However, I propose that there is one situation in which performing this test maybe clinically useful. Using data from the authors the Likelihood Ratio for both the single FOBT and the 6-sample FOBT being positive is 7.5. Admittedly this did not occur very often, but I propose that clinicians should perform a rectal exam and FOBT when a patient presents with a positive 6-sample FOBT. One reason is to exclude a rectal mass and the second is that if the digital FOBT sample is also positive (using a LR of 7.5) the post-test probability of a colorectal neoplasm rises from about 10% to 45%.
In any situation a positive FOBT should be followed up with a colonoscopy, but faced with an approximately 50:50 chance of malignancy the situation I described gives the matter some urgency.
Christopher A. Smith, MD
February 26, 2005
The Role of the Fecal Occult Blood Test
The Role of Fecal Occult Blood Test
TO THE EDITOR: We read with interest the article by Dr. Collins, et.al and the accompanying editorial by Dr. Sox(1,2).We share Dr. Sachs's concern that there has not been a more rapid decrease in colon cancer mortality associated with the emphasis on increased screening over the past 10 years. We think this is multifactorial. We should like to respond to these observations before the digital rectal examination stool for occult blood is abandoned. One reason for this might be the replacement of flexible sigmoidoscopy for total colonoscopy for people of low risk for colon carcinoma. With the exception of the Veterans Administration Health systems, this practice has produced a chasm between those that can afford total colonoscopy or insist upon it versus those who cannot.
A paucity of any screening intervention in the African-American and Hispanic populations is troubling because there are more datum available which show that African-Americans and Hispanics have an increased incidence in the diagnosis of colon cancer when compared to Caucasians(3,4).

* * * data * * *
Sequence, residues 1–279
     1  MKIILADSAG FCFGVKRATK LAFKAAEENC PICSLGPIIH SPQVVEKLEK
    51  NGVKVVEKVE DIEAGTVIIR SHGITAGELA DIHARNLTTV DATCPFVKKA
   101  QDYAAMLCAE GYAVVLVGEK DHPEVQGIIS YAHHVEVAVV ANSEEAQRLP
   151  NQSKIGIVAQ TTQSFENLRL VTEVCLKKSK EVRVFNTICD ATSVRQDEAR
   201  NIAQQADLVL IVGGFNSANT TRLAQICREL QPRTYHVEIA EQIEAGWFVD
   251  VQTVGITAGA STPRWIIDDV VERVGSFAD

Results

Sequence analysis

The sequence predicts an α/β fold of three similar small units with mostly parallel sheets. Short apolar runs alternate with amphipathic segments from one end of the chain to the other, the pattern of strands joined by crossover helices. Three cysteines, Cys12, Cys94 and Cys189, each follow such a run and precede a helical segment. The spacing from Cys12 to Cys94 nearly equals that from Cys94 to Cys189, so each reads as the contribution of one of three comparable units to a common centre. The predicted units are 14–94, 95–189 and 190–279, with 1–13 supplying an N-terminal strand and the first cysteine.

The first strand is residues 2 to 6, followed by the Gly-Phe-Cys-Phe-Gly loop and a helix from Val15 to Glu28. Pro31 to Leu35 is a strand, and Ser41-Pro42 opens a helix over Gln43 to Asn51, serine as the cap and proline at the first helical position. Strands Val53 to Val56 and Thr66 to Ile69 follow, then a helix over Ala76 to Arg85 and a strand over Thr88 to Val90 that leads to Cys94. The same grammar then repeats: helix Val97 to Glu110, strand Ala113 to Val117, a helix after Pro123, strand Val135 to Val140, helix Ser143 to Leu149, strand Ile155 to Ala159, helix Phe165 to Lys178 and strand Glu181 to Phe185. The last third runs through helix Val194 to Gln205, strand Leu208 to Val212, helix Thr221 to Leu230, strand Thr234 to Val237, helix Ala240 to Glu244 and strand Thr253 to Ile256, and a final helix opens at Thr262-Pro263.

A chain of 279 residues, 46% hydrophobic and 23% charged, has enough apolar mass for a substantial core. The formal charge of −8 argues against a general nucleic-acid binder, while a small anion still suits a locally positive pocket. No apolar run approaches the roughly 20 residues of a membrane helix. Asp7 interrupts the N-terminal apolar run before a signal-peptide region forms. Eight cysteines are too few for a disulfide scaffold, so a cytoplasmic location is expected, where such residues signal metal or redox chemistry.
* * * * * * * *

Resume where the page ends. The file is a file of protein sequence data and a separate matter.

One reason for this failure among these populations may be the abandonment of testing for fecal occult blood. The authors stress that one stool analysis obtained by rectal examination showed a very low sensitivity for the detection of advanced neoplasia when compared to three stools spontaneously passed. The authors do not stress the fact that fecal occult blood testing is done annually, and that many of these advanced neoplasms would be picked up on subsequent annual examinations, no matter what aspect of the stool is tested. We therefore support any and all fecal occult blood testing, with the caveat that rectally obtained stool should be used only if stool is obtained and should not be tested if visible blood is present. Some screening is better than no screening at all.
Christian S. Jackson M.D. Robert Craig M.D. Northwestern University, Feinberg School of Medicine Chicago,IL 60611-290
References 1.Collins, Judith F. MD; Lieberman, David A. MD; Durbin, Theodore E. MD; Weiss, David G. PhD. Accuracy of Screening for Fecal Occult Blood on a Single Stool Sample Obtained by Digital Rectal Examination: A Comparison with Recommended Sampling Practice. Annals of Internal Medicine.2005;142(2):81-85
2.Sox, Harold C. Office-Based Testing for Fecal Occult Blood: Do Only in Case of Emergency.Annals of Internal Medicine. 2005;142(2):146-148
3.Jemal A, Murray T, Samuels A, et.al Cancer statistics, 2003. CA Cancer J Clin. 2003; 53:5-26
4.Chao A, Gilliland F, Hunt W, Bulterys M, Becker T, Key C. Increasing incidence of colon and rectal cancer among Hispanics and American Indians in New Mexico( United States),1969-94.Cancer Causes and Control.1998;9:137-144
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Gastroenterology/Hepatology, Hematology/Oncology, Colonoscopy/Sigmoidoscopy, Prevention/Screening.